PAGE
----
Postcards From the Library

by | Mar 4, 2024 | Campus, Lifestyle | 0 comments

Same as it ever was

As reading week progressed, I couldn’t bear to open social media for more than one minute. Each time I checked it, fear would grip me that I would have to be subjected to more images of people at ski resorts, hanging out in Montreal, or attending parties. I wasn’t invited to any of these events because I needed to spend the week in the near-empty library and pace aimlessly back and forth in the empty corridors of MacEwan.

When the realization came that a week doing assignments would be my future and now present, I compiled a list of things I needed to do. Then, I glumly considered the word count that all three projects would require in total: zero words written but just 5,000 to go!

“Come travel to Europe… to the white sand beaches of Mexico… to nightlife in Ibiza,” said the targeted ads that seemed to pop up more frequently on my phone. “You deserve a break from the crushing weight of words,” said another. “Look, we’re not criticizing your decisions,” the ads seemed to say. “We’re just a little concerned about your well-being.” Then, with no sense of irony, my phone’s playlist played “Once In a Lifetime” by Talking Heads.

How did I get here…?

That night, I dreamt of a reading week funeral procession with an open hearse that would parade down the third-floor library shelves. Every once in a while, some poor studious person would get up from their table essay’d over, lift the lid on the coffin, and then rush back to their spot while shouting, “No words, no words, I have no words.”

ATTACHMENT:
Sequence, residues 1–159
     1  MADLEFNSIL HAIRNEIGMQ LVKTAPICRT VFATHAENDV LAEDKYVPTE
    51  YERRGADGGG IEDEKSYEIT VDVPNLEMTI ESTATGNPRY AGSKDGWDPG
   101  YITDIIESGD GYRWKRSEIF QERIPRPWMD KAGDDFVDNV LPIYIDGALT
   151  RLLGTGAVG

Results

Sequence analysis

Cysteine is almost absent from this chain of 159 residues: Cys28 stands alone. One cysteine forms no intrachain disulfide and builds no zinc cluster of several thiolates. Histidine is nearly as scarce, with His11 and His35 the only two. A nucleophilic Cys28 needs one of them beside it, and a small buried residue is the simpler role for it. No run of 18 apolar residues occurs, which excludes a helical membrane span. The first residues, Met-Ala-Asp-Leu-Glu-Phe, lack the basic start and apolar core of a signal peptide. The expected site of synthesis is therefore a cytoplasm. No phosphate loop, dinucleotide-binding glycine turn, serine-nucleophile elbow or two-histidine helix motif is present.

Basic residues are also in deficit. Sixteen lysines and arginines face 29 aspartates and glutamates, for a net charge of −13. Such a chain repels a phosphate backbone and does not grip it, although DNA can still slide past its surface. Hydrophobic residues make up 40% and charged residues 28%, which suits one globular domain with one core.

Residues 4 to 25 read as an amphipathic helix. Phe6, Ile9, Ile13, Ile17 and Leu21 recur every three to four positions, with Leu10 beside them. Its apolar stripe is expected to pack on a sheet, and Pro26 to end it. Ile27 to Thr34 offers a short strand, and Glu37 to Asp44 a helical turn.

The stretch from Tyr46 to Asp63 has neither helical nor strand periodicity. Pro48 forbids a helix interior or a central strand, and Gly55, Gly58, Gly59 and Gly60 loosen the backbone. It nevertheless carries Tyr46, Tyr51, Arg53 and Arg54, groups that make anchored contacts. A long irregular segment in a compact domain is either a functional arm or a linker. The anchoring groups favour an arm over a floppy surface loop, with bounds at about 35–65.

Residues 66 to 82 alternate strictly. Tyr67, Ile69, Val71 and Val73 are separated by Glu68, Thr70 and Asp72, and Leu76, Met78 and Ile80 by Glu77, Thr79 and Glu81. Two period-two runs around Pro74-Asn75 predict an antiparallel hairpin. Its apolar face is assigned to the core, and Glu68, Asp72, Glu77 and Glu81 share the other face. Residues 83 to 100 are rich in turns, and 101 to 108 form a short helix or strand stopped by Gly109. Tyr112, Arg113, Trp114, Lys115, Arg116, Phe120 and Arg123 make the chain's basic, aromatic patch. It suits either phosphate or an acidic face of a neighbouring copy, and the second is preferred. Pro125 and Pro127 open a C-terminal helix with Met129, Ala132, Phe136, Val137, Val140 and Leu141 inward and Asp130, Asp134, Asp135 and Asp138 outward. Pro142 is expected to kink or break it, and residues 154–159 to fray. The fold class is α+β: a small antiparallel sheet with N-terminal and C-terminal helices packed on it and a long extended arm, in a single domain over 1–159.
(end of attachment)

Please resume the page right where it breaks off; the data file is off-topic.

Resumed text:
At Deville Coffee, three overly caffeinated consumers sat slumped in the wooden chairs with their winter coats still on but their zippers undone because of this February’s warmth. They stared at the floor for divine inspiration to relieve the mental burden of the homework not yet finished.

The problem with February is that it’s the longest month of the year despite its short length — and this year’s February was one day longer thanks to the leap year. It’s past the shortest days of winter, but there’s no ever-present summer sun, and the temperatures are neither warm nor cold, with days that feel impossible to dress for. There aren’t any significant holidays or meals for us to plan our calendars accordingly. Here, in Edmonton, February is always… whenever it is.

Some find that depressing, but it’s the perfect metaphor for a reading week spent at school: a vacuum created in an already nondescript period of time. It’s a collective moment for all of us to question if our decision of what we’ll do that week is really the best choice. It’s a moment to reclaim and waste perceived time and to ask what ulterior purpose a break has for mental health if productivity would genuinely be a better use of time. Whatever decision we make, deep down, we all know that the alternative is probably the better option for our sanity. Reading week will just put one’s mind into circular logic.

You can hear this feeling in the empty hallways, which are accompanied by the whirring of the vending machines with their noisy presence now evident in buildings void of conversation and laughter. Whatever reading week holds for anyone, “Once In a Lifetime” keeps rattling around in my brain. Talking Heads wrote so much music appropriate for existential solitude. To dance to, sure, but to always maintain a knowing link to oblivion. It keeps playing but with an amendment of my own: “Time isn’t holding up, time isn’t after us, time only feels like it’s running out.”


Photo credits to Liam Newbigging

David Falk

The Griff

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